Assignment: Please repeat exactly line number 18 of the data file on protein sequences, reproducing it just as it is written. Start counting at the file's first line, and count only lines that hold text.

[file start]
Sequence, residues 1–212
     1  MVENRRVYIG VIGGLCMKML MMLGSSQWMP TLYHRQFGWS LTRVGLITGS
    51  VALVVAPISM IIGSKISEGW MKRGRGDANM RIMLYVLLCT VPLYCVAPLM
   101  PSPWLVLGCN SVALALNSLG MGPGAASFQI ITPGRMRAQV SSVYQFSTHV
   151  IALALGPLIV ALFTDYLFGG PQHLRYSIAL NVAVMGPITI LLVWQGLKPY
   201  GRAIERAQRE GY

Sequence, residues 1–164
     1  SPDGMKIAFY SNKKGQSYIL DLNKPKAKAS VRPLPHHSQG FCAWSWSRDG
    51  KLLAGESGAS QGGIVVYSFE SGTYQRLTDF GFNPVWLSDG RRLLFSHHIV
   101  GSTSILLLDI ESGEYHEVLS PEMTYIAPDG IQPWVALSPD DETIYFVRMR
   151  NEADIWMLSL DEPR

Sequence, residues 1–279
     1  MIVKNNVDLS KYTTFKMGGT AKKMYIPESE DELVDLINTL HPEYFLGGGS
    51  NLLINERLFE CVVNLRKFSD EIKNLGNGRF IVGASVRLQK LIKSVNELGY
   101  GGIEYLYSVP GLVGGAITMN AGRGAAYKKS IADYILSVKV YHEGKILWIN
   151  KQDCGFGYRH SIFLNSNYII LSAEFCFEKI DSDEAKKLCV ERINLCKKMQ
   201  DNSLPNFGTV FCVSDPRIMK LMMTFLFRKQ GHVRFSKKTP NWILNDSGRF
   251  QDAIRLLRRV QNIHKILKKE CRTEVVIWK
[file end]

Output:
   251  QDAIRLLRRV QNIHKILKKE CRTEVVIWK